The Catholic Church condemned the play, death threats were sent to McNally (who even received a fatwa) and the Manhattan Theatre Club, the company producing the première, and anyone connected to the production. Right-wing pundits and commentators wrote against the play—without ever having seen or even read it—and leftists defended it on principal, also before any public performance or the publication of the text. (I have written about this incident in “The First Amendment & The Arts” on ROT; see 8 May 2010.) The theater postponed the presentation, but First Amendment advocates and theater artists across the country objected to the cave-in and the play was rescheduled. Subsequent productions of Corpus Christi have attracted similar controversy, including legal action to prevent public money from being spent on them at institutions that receive federal or state subsidies. (Some suits have been defeated by the productions’ backers and others have succeeded.)
McNally has won, in addition to the Tonys, Obies, and the Emmy, many other awards, including Lucille Lortels and Drama Desks. He was also nominated for a 1994 Pulitzer Prize for A Perfect Ganesh. His last Broadway project was the book for the 2011 musical Catch Me If You Can; a revival of Master Class was mounted that year as well. (The musical won several Tony and Drama Desk nominations—and one Tony Award—but none for the book.) Off-Broadway, McNally wrote Golden Age, a 2009 play about Italian opera that was staged by MTC here in 2012; he also has this year’s Mothers and Sons, which premièred at the Bucks County Playhouse in New Hope, Pennsylvania, in June and is slated to be staged on Broadway next year starring Tyne Daly.
Previously presented on 12 August 2012 at the Ojai Playwrights Conference in California, And Away We Go is reportedly McNally’s first play composed for an ensemble of actors and the playwright celebrates theater history, classic theater, actors and acting troupes (like The King’s Men and the Moscow Art Theater), and the Pearl itself. In a statement, the dramatist acknowledged that the classical acting companies to which his play pays tribute were “much like The Pearl” which, McNally feels, has had a “commitment to . . . the challenge of finding new life and relevance in the great plays of the past, many of them written specifically for companies” like the one that commissioned And Away We Go. The playwright explained that the new work is “a summation of what I've learned watching theater.” A play with a serious tone but humorous touches, “It’s also stylistically very different than anything I've ever done.”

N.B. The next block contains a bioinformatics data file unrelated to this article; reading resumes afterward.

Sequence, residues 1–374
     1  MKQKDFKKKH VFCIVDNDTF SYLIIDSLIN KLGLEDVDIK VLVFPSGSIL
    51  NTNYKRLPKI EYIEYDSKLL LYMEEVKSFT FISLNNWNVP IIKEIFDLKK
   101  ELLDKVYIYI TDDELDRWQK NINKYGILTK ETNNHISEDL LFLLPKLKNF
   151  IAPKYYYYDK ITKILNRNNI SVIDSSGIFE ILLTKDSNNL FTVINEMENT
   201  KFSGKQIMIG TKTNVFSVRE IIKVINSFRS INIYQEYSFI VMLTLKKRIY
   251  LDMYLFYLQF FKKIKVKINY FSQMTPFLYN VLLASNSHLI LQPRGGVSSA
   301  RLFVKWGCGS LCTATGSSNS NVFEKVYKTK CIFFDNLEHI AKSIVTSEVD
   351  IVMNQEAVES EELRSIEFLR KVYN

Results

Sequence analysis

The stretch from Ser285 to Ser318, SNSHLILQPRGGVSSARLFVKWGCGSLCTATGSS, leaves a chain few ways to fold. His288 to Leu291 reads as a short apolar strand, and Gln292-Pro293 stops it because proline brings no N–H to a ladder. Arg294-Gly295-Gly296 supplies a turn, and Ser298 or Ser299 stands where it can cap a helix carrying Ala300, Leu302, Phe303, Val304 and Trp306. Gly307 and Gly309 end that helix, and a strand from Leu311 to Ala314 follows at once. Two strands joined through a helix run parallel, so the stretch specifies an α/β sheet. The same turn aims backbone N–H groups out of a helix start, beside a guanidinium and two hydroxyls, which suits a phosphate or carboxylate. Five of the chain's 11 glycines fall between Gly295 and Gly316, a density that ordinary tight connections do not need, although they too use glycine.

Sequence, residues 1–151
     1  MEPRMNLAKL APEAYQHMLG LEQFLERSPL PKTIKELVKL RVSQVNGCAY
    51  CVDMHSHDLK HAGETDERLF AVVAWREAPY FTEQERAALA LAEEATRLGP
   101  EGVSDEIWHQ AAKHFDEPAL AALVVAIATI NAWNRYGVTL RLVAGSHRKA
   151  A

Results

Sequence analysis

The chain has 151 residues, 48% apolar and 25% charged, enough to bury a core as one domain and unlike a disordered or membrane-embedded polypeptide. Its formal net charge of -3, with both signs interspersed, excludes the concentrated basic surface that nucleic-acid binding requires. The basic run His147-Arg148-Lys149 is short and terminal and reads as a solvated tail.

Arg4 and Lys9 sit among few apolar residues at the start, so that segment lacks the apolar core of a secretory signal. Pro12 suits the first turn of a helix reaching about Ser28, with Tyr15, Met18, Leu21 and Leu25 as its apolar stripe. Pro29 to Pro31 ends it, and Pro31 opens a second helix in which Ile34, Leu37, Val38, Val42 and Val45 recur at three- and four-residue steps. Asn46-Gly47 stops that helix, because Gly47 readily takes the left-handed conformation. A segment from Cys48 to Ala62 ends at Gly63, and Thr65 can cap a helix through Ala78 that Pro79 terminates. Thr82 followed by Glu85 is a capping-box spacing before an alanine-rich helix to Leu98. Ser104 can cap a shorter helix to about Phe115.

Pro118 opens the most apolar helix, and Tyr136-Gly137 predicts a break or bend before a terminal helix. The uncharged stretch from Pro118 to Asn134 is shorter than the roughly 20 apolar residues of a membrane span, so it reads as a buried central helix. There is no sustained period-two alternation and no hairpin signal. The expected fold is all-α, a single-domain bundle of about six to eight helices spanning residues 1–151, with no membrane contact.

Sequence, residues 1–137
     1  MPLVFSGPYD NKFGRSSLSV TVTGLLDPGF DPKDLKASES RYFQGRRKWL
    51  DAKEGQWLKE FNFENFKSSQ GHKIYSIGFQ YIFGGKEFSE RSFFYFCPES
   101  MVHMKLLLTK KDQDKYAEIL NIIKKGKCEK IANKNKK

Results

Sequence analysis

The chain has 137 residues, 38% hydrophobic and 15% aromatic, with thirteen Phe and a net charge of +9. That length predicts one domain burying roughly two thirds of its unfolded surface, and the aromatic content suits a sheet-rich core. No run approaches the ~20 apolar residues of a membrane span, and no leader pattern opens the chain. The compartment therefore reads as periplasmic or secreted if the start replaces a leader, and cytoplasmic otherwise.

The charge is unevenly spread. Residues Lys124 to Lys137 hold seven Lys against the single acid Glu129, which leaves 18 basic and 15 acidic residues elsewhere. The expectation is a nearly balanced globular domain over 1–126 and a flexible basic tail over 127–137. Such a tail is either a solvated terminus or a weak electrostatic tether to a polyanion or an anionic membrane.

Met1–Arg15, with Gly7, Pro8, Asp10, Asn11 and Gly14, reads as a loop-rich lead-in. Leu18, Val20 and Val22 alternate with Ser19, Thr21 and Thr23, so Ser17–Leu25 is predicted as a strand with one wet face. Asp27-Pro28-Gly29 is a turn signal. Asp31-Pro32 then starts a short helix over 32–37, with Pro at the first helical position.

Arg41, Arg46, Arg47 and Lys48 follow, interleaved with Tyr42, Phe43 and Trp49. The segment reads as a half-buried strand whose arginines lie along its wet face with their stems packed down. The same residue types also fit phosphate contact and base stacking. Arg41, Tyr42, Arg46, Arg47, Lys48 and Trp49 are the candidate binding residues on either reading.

And Away We Go is a theater melodrama—metadrama, if you will. (Be assured, folks: despite the familiar ring to the play’s title—for those of us of a certain age—McNally isn’t telling the story of Jackie Gleason, otherwise known as The Great One.) As the Pearl’s blurb says, “Times change but life in the theatre remains the same.” The play time-travels through theater history from the Theater of Dionysos in ancient Athens, a backstage look at Aeschylus’ Agamemnon (458 BCE), to a rehearsal of Shakespeare’s The Tempest at The Globe Theatre in Jacobean 1610, from the royal theater at Versailles (where several of Molière’s plays were presented) on the eve of an uprising against Louis XV, to the first reading of Chekhov’s revised The Seagull (1898), and a stop at the Coconut Grove Playhouse in Coral Gables, Florida, where the American première of Beckett’s Waiting for Godot is about to close as a colossal flop in January 1956. Occasionally, as the periods accumulate, characters from one era bleed into an earlier or later one, bending the minds of not only us spectators, but the folks of the invaded time on stage. Interspersed among the scenes depicting the historic theater milestones are scenes of a contemporary theater that’s facing financial disaster, laying off staff, and, eventually, canceling its upcoming season—until a well-heeled patron and board member comes through with a big check. (Why, it’s just like the recent history of the Pearl! You don’t suppose . . .?)